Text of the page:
Receptive vocabulary is not the only measure/method used to characterize groups in studies of language and more specifically grammar. Mean length of utterance is a common variable used in studies of children with SLI (Leonard, 2002; Rice et al., 2010). It is a robust index of children's language acquisition, and can serve to benchmark samples within different groups of children with and without language impairments. However, given our research question, we selected the same grouping criterion as Roberts et al.

Another common reference point, particularly in the intellectual disability literature is that of nonverbal IQ. The impact of nonverbal IQ on morphosyntax has been examined in different clinical groups (e.g., SLI, children with intellectual impairments), to determine whether the delays seen in morphosyntax are a result of overall low cognitive skills, or whether aspects of morphosyntax are delayed regardless of cognitive abilities. A series of studies on children with SLI and typical development indicated that nonverbal intelligence was not a significant predictor of performance on measures of finiteness markers (Rice, Tomblin, Hoffman, Richman, & Marquis, 2004; Rice et al., 1998; Rice, Wexler, Marquis, & Hershberger, 2000). Roberts et al. (2004) reported that nonverbal IQ in a sample of children with autism and language impairment was not correlated with third person singular –s. However, it was significantly correlated with the past tense performance.

Data from several clinical groups, including children with SLI, autism and children with low cognitive scores and language skills in the normal range (Rice et al., 2004) indicate that nonverbal IQ is not a significant predictor of morphosyntax (in particular, finiteness markers). It seems that certain aspects of delayed morphosyntax represent a sort of deviant development, and not just a general delay associated with impaired cognition and language abilities. In other words low nonverbal IQ and delays in finiteness marking do not necessarily co-occur.

In sum, the literature to date indicates that certain children demonstrate deficits in morphosyntax development that are not explained by low cognition. The current study extends the research on this issue by investigating a group of children with FXS. The main research question is: Do children with FXS show the same pattern of impairments as the children with autism in the Roberts et al. (2004) study using the same method of participant grouping defined by receptive vocabulary level (i.e., borderline or impaired receptive vocabulary)? This is the first look at finiteness marking in children with FXS who are known to have overall deficits in grammar development and limited development of receptive vocabulary. The study addresses the issue of whether a deficit in expressive finiteness marking in children with FXS shows evidence of an overall delay in language and cognition, or if children with FXS, much like the children with autism and language impairments, demonstrate a linguistic profile of relative strengths and weaknesses (finiteness marking delayed relative to receptive vocabulary). If so, children with FXS would be expected to demonstrate a profile similar to that of children with SLI and children with autism and language impairments, and similar interventions used to target this aspect of language could be incorporated for children with FXS.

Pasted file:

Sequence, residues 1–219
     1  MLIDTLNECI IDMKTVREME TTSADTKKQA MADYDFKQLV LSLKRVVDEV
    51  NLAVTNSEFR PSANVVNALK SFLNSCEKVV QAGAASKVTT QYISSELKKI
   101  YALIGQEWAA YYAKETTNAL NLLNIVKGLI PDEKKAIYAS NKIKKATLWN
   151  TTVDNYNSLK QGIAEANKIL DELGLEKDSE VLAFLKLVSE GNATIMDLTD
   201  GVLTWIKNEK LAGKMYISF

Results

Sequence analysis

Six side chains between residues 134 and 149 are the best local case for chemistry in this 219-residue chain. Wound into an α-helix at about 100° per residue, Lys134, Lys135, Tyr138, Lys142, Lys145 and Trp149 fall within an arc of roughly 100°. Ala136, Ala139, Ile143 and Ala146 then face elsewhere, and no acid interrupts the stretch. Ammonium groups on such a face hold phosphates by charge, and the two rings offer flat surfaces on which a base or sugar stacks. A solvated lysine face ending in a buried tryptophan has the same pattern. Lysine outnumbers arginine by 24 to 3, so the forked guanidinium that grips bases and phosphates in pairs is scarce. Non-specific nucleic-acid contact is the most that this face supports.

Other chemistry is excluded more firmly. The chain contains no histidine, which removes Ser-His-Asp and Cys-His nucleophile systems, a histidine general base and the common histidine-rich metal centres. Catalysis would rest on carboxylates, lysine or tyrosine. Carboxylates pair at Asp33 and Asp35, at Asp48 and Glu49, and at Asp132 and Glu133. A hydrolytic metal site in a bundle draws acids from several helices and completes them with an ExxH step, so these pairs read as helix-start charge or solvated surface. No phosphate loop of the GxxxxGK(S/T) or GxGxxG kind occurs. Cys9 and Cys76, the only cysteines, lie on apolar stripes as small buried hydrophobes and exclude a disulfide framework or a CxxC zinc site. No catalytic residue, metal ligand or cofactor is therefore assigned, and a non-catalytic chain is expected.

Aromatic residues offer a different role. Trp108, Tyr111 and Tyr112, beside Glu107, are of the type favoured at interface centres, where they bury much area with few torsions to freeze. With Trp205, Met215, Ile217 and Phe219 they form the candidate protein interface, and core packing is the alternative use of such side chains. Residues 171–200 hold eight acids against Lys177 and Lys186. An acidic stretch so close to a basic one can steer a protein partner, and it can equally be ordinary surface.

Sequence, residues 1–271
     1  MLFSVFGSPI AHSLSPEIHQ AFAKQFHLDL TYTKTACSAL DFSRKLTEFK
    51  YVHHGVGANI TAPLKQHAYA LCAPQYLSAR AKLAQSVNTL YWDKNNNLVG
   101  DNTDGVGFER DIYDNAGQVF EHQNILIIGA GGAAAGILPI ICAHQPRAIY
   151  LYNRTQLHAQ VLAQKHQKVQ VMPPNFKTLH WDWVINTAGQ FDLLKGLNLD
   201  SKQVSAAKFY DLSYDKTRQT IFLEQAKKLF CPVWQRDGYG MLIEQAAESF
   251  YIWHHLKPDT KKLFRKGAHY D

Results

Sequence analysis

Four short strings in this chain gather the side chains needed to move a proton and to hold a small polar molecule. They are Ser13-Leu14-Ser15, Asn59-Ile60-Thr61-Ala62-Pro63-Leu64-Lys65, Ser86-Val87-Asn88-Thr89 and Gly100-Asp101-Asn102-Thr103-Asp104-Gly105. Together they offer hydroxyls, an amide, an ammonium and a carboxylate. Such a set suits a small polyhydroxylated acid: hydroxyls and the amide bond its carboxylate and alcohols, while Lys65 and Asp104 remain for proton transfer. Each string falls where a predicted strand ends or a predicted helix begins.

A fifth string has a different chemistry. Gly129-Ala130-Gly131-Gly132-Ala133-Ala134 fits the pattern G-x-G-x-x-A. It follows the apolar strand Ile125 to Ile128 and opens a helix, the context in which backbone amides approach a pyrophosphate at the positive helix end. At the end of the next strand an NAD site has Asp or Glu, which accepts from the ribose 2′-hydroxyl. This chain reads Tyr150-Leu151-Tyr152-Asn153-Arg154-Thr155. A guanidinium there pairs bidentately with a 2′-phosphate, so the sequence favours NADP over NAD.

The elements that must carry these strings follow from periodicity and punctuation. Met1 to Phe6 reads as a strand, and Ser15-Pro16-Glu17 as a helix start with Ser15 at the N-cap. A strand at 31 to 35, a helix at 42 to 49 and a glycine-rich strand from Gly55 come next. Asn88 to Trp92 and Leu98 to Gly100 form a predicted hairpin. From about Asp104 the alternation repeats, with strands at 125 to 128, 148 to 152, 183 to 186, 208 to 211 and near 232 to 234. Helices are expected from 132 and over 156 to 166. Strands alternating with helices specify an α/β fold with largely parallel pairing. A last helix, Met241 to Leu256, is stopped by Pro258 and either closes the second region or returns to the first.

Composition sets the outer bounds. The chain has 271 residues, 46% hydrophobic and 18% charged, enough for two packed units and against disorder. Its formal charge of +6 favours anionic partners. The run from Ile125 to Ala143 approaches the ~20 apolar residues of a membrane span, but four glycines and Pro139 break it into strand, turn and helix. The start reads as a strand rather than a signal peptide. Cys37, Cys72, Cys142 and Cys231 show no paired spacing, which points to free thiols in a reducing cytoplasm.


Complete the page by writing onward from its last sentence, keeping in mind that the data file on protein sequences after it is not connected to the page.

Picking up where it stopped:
Method

Participants

The participants in this study included boys with the full mutation of FXS (n = 21). The diagnosis was confirmed by genetic testing for all participants. The children ranged in age from 8 to 16 years, with a mean age of 11 years 2 months. The boys were monolingual English speakers, as indicated by parent report. Participants were recruited from state-based support groups and a national parent listserv. This was a sample of convenience and the participants in the study were from 15 states spread across the country. All the children were white. All of the mothers had completed high school, with the majority of the mothers completing some college (mean years of education = 15). See Table 1 for additional participant information.

Table 1
Participant Information

Procedures

The assessments were completed in the participants' home. All data were collected in the course of a single visit lasting 1 ½ to 3 hours. After obtaining informed consent from the legal guardian, and oral assent from the child, a number of different standardized tests as well as a language sample were completed. The assessment was videotaped using a digital video recorder mounted on a tripod. Participants were given breaks between testing as needed, and were rewarded for the completion of tasks with stickers. Each participant was given a ten-dollar gift card at the conclusion of the visit.

Dependent and Independent Variables

(See summary in Table 1).

Receptive vocabulary